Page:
Former universities minister Jo Johnson contacted Toby Young about applying for the board of English higher education’s new regulator, says a report that details the high level of political interference in its appointments process.
In a report by Peter Riddell, the commissioner for public appointments, published on 28 February, the watchdog found there was a “clear disparity” in the treatment of different candidates and parts of the process “had serious shortcomings in terms of the fairness and transparency aspects” under the code governing public appointments.
The commissioner also found that Justine Greening, who was education secretary at the time, queried the proposed choice of Mr Young to the Office for Students board, but was sent a letter by Department for Education officials detailing his “record on education reform”.
The letter, however, did not refer to any due diligence checks on Mr Young’s social media activity. The Spectator columnist later apologised for his “sophomoric and silly” remarks, but resigned a week into the job after more than 220,000 people signed a petition for his removal over his previous controversial statements.
In his report, Mr Riddell explains that “Mr Johnson asked officials to inform Mr Young about the advert for the campaign” to recruit OfS board members. After Mr Young was deemed appointable following what the panel described as a “very good interview”, his social media history was not checked, the report says.
However, while the Department for Education claimed it would have been “neither proportionate nor normal to trawl through potentially large mounds of past social media activity” for Mr Young, these checks were carried out for those applying for the board seat reserved for a student experience representative.
Thanks to the effort of what email records mention as “No 10 Googlers”, the “social media history of one candidate was brought to the attention of the minister", says Mr Riddell.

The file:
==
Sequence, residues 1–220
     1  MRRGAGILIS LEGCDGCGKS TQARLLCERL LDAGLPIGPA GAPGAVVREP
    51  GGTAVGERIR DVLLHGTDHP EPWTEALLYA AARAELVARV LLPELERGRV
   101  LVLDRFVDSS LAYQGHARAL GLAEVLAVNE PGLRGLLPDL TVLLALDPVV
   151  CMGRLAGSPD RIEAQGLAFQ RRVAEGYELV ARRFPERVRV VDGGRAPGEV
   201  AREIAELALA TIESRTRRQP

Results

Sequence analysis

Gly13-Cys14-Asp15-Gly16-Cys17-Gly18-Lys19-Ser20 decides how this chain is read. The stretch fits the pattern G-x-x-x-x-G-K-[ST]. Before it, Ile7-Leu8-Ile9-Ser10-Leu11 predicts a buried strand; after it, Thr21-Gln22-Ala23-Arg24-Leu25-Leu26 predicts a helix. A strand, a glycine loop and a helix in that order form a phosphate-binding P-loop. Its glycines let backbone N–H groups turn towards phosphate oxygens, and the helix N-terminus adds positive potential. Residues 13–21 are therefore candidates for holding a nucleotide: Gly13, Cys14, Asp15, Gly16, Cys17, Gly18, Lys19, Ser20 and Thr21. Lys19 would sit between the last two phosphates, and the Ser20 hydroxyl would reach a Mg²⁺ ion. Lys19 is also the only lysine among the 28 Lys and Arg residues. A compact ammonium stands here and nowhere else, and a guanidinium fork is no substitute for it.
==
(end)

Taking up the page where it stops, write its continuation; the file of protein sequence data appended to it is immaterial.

“Notably no such exploration or research was made on other possible appointees, including Mr Young,” he adds.
Sally Hunt, general secretary of the University and College union, said Mr Young’s appointment “looked like nepotism at the time and this damning report confirms that the minister encouraged him to apply”.
“Although not checking Young’s chequered past, efforts were made to find evidence to bar a student representative from a position on the board,” added Ms Hunt.
The report adds that the decision on whether or not to appoint one candidate in particular was “heavily influenced, not by the panel, but by special advisers, notably from 10 Downing Street.”
One candidate for the student experience role who was suggested by Jo Johnson, and found appointable by the panel, was “rejected on the basis of public statements and student union activity”, in particular in relation to critical comments about the government’s anti-extremism Prevent agenda.
“Submissions and email records show that there had been a desire among ministers and special advisers not to appoint someone with close links to student unions,” says the report, which adds that “this was not made clear in the advertised candidate information”.
“Political factors completely unrelated to the remit of the OfS were cited by the special adviser in objecting to the preferred candidate,” says the report, which adds that the board’s “independence is put at risk by taking too partisan an approach to candidates’ views.”
Ministers later concluded that “none of the [student] candidates were right for the role” and appointed their own choice, Ruth Carlson, a University of Surrey engineering student, on an interim basis.
However, the announcement of Ms Carlson’s appointment on 1 January “did not make clear” that she was an interim member, says the report, which adds that the explanation that a “fuller announcement” would make the position clear later in the week was “inadequate and unconvincing.”